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Strangelove

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  1. Warning! Spoilers abound! I can't remember the last time I was in a film that kept you at a sprinting pace for two hours. Star Trek was a great science fiction show, and the beginnings of a new series (more likely a trilogy) of movies. There is so much right with this film that I can completely ignore anything that is wrong with it. A lot of other reviews will talk about how the engineering set looks cheap, or how there was gratuitous use of lens flare, or how Chekov's accent might be too strong. The great thing about this movie, is that none of that matters, and none of that detracts f
  2. Don't be so quick to believe that, a lot of that sort of news gets started in the same rumor mills that try to peddle the idea that Obama's birth certificate is actually from Kenya. Little Green Footballs on this, (not exactly a liberal site...)
  3. http://www.nytimes.com/2008/12/08/opinion/...amp;ref=opinion Ahhh... no small government conservatives any more! As they say, straight from the horses mouth!
  4. The guy is truly a Paleo-Conservative. Not a Libertarian, and certainly not an Objectivist. Hence, his followers are also nuts: http://wonkette.com/348081/internal-paulta...aut-endorsement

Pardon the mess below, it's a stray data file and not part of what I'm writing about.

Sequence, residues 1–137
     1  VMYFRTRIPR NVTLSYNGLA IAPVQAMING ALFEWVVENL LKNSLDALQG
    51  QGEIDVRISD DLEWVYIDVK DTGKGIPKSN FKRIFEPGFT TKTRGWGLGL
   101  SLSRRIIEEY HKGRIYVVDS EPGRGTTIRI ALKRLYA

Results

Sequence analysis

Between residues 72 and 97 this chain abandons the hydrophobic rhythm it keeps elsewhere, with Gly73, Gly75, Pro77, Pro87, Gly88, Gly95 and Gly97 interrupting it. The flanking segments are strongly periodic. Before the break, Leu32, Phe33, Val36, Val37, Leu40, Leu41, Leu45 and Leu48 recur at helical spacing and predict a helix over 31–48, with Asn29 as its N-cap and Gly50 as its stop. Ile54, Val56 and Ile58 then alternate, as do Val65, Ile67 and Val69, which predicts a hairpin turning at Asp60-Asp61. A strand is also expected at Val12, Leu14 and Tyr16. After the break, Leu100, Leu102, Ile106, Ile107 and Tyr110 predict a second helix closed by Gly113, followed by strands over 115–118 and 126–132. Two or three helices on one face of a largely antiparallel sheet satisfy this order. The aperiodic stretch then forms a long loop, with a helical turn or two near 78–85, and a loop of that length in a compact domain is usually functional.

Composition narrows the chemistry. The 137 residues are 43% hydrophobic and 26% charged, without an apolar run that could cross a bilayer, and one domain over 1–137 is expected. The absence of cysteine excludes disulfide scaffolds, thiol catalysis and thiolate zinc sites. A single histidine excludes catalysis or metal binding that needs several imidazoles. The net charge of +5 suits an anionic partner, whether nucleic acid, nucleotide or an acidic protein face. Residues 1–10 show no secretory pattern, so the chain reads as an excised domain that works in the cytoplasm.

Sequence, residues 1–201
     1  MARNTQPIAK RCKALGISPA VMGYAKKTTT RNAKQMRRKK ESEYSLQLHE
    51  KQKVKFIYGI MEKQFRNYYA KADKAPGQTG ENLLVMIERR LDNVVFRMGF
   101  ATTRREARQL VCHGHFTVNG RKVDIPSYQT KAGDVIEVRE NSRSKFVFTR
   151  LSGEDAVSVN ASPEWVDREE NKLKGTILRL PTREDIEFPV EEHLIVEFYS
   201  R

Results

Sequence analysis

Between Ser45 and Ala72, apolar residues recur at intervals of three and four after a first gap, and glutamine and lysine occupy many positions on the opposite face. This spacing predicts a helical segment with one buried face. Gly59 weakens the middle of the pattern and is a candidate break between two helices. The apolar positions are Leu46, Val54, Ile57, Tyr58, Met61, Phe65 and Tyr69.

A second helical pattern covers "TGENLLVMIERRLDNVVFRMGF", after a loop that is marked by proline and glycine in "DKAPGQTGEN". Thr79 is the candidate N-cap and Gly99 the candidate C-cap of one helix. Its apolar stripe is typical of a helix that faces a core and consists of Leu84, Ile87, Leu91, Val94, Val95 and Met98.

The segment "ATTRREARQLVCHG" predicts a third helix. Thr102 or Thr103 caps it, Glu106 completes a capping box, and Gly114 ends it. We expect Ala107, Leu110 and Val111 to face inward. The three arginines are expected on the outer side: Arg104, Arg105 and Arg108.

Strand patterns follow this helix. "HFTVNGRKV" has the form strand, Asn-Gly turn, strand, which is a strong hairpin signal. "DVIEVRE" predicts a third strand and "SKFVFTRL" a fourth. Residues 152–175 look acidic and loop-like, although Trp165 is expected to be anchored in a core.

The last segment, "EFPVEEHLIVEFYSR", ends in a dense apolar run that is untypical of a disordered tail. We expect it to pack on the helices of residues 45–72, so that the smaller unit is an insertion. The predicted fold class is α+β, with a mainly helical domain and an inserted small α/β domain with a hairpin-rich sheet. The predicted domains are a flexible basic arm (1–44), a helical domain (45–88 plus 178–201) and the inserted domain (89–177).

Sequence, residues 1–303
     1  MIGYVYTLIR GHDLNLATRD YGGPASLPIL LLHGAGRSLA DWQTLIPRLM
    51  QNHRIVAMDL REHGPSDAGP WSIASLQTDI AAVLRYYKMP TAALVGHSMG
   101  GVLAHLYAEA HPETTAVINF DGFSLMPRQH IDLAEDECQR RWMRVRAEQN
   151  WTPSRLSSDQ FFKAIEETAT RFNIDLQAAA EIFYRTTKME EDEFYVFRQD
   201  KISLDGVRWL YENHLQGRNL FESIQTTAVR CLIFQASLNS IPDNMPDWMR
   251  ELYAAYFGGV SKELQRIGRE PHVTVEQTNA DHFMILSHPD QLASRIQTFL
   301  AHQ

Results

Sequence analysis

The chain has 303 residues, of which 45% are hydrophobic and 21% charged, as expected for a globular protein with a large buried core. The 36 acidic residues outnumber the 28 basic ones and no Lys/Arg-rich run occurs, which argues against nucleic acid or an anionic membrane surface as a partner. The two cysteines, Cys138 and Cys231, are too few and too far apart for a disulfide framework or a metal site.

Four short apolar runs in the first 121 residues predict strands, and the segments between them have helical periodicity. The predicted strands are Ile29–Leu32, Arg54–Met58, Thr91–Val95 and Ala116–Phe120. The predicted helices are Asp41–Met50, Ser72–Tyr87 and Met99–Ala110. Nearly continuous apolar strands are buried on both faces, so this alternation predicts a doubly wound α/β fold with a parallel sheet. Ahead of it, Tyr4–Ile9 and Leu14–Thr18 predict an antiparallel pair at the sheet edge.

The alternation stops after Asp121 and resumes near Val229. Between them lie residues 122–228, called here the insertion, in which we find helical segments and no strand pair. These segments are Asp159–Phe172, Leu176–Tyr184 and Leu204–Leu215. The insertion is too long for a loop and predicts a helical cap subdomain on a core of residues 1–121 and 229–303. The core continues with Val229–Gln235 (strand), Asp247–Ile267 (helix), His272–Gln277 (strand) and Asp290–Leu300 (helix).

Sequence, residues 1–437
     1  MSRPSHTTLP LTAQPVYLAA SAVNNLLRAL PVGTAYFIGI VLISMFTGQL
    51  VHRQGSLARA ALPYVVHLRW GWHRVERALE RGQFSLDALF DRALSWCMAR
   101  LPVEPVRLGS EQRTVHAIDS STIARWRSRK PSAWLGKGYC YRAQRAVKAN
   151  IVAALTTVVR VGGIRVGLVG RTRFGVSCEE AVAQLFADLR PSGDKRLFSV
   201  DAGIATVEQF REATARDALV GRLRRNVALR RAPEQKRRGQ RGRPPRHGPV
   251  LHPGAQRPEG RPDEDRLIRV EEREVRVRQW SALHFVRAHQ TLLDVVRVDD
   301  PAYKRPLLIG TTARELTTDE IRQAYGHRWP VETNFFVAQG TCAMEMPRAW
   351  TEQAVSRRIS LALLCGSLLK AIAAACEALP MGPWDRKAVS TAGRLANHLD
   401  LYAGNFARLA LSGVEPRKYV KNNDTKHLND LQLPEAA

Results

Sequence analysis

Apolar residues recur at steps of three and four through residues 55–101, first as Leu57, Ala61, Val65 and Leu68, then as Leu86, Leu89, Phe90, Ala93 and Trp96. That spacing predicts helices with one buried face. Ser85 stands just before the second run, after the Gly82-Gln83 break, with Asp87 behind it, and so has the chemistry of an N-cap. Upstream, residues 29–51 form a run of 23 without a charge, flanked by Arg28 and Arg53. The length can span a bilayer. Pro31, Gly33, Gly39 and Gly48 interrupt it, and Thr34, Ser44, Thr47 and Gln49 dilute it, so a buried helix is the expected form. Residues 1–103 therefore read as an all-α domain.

5. http://www.nytimes.com/2005/07/12/national...amp;oref=slogin This is no different then if we were subtly discourage people from a working environment because they are not communist enough. What that sort of ridiculousness can be legally tolerated in an university (if it is a private institution) the idea that our government pays lip service to this sort of weakening of our defense, I feel, is representative of the kinds of dangers that come with letting evangelicals get leadership roles.
  6. The fact that there is even discussion about changing the constitution to define marriage. The establishment of "faith based initiatives". More importantly, there is the informal level of power which has been given to the religious right which manifests itself in destructive ways. For example, the Defense Department's contract with Blackwater did not come because Backwater proved they would be best for the job in Iraq, but because their CEO is an evangelical and that was good enough for them. It has also meant that our Air Force academy is full of evangelical preachers who are trying to associ
  7. I have always felt that in an un-ideal situation where you have to chose between either living under economic constraints (Socialism, Keynsianism, Communism, etc.) or social constraints (Theocracy) that living with the economic constraints would be better. Living with high taxes is bad, but at least it might be possible to find loopholes in the system and unless its gone so far gone that it is collapsing, for a while I could at least live and at least what I do beyond my paycheck is not being regulated Under a Christian theocracy, or a government friendly to Christianity, my private lif